I first grew Oxalis tuberosa about fifteen years ago. I received the seed from a seed list, it was listed as an alpine plant from South America. I grew it in a well drained compost, lean, without much fertilizer and it eventually produced an attractive yellow flower. It was quite nice. Last year I was re-acquainted with this Oxalis, under quite different circumstances. A gardening firend of mine, Carmen Cronin who runs the Clare Garden Festival gave me some tubers of a vegetable plant which she described as having shamrock-like leaves and that it came from South America. I suspected that it was indeed my old friend O. tuberosa, although she called it OCA and pronounced it Och- ah.
Well I was intrigued! The tubers were waxy textured and brightly coloured, some red, some yellow, others almost white. The following week I planted them in pots with the help of some students taking part on The New Growth Project course that we run in our garden. We watched the plants closely, all were curious to see how they would grow, would these funny looking tubers be a substitute for the beloved spud? We joked that one day people might be ordering bags of Oca fries to go with their burgers.
That was back in April. We planted the tubers in 2 litre pots of garden compost and later potted on the plants into re-cycled compost bags filled with more of the garden compost. These were kept in the polytunnel where we work with the students. The growth of the Oca was far more than I expected and by mid-summer we were battling for space with the South American vegetables.
Ocas are relatively unknown as a vegetable, apparently they grow them in New Zealand where they call them yams, which is a very misleading name. Oca or Oxalis tuberosa are related to wood sorrel, Oxalis acetosella, a native of Irish woodlands. The foliage is very similar being trifoliate and shamrock like. The foliage can be eaten, it has an acidic sour taste which is quite appealing, similar to sorrel.
Oca will grow vigorously, some of the plants produced stems 2 metres (over 6ft) long by the autumn. Oca are not suitable for growing outdoors in all parts of Ireland, early frosts will turn the fleshy stems to mush before tubers start to form. The plants have a short day photoperiodic response for tuber formation which means that tubers do not start to form and swell until mid-October. Covering the plants with polythene or fleece will help protect them from light frosts.
GROWING OCA – MY EXPERIENCE
I found that plants in the polythene tunnel also got frost damaged when temperatures went below zero degrees Celcius (32F). As the days got shorter the students and I checked the plants weekly. After the tomato plants were cleared from our upper tunnel we moved the plants that we had been fighting for space in our potting tunnel to the bed vacated by the tomatoes. We laid the trailing stems of the Oca on the beds. Along the stems small tubers started to form. Portions of the stems that were covered with soil developed larger tubers. Next year I will earth up the tubers more as some close to the surface had holes eaten in them by birds. Otherwise the Oca were untroubled by pests and untroubled by diseases. I did not give any extra fertilizer to the plants while they were growing as the plants were growing so big, but addition of supplementary fertilizer low in nitrates might help increase the yield of tubers if applied late in the growing season. We kept the plants watered throughout the summer.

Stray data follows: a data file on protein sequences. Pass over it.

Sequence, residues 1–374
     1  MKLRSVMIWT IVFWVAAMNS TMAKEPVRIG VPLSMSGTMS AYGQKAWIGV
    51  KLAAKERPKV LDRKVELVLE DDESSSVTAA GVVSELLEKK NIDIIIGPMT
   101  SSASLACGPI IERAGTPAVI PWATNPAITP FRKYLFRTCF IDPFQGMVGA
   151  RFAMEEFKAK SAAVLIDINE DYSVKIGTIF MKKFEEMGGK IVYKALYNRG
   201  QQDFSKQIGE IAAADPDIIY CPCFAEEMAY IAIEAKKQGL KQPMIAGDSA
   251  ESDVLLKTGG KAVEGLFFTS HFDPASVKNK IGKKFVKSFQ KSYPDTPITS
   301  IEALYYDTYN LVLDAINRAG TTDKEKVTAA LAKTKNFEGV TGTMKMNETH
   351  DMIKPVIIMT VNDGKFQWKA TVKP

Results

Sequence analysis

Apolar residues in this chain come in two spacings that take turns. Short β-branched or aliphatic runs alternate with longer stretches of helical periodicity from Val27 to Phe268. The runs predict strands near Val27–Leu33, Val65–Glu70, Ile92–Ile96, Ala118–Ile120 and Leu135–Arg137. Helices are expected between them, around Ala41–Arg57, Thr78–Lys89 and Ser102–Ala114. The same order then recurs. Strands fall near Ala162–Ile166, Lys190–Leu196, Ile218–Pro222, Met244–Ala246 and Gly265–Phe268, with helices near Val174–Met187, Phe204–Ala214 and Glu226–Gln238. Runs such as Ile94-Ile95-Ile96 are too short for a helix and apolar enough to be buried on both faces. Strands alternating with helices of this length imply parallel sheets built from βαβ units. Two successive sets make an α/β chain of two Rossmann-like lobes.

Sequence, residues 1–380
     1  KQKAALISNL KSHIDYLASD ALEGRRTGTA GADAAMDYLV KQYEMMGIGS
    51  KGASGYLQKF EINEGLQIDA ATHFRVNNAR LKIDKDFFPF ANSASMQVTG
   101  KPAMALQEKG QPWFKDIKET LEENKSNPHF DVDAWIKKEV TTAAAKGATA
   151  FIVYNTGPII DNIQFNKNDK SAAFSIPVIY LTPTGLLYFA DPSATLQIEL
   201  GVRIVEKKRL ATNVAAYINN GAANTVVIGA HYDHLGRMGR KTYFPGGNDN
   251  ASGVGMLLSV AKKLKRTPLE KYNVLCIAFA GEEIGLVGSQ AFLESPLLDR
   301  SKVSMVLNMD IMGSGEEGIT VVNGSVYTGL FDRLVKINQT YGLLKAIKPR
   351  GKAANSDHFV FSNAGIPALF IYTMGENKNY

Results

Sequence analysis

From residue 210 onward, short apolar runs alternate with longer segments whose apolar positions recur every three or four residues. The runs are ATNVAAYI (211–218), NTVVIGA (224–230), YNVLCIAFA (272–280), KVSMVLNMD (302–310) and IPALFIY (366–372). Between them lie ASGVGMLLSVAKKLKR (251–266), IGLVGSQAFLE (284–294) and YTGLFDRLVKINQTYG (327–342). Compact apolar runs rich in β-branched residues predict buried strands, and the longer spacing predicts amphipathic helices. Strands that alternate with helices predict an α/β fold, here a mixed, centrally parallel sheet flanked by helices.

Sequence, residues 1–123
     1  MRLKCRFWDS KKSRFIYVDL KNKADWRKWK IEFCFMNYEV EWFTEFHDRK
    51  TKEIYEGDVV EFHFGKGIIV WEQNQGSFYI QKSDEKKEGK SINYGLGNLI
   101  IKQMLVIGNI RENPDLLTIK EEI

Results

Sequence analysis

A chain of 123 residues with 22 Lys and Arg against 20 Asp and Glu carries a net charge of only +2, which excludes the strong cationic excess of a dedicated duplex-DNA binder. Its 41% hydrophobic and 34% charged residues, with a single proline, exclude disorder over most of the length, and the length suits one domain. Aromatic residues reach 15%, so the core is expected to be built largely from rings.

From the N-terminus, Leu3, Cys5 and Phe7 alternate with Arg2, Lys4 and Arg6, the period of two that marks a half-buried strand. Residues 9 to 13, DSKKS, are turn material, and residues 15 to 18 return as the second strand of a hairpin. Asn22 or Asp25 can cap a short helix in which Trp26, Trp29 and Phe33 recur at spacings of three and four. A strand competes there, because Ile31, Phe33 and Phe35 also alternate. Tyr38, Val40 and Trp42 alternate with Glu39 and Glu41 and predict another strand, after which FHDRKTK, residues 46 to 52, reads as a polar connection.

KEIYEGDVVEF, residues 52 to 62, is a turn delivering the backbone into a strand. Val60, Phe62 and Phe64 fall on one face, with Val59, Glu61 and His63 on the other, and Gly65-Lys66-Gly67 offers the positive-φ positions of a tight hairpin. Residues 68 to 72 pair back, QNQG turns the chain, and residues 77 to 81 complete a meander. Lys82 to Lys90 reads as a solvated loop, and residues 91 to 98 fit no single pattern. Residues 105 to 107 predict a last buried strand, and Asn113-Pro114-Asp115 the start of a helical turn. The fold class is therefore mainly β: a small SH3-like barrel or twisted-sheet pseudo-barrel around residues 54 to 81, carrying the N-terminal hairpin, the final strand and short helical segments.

During late summer I experimented with taking cuttings of the Oca plants. They rooted quickly and easily and by Christmas most of the plants had made one or two decent sized tubers. I will use these plants for replanting this year.
HARVESTING AND COOKING OCA
Our first harvest of the tubers was made just before Christmas. Two good portions were made from a well cropping bag.
So after all this, how do Oca taste? On Christmas Eve my wife and I roasted our first harvest of red and yellow Oca tubers. Oca tubers can even be eaten raw, but i prefer to cook them. They can be fried, boiled, steamed, deep fried or roasted. After washing the well, they are easy to clean due to their smooth and waxy skins. We then tossed them in rapeseed oil and baked them for about 20 minutes until they were tender.
OCA ARE DELICIOUS! They remind me a little of a fried potato seasoned with vinegar.
So next season we are going to grow more Oca. I look forward to experimenting with them; I am going to take cuttings from the first flush of growth and see if the plants make more tubers, I will earth up the stems as they grow. I will also experiment with day length control, and try to induce tuber formation early by covering the plants with black polythene for a few hours each morning to produce a shorter day length.
I can see it now, fast food outlets on Saturday nights after closing time “Do you want Oca fries with your burger?” “Yes please!”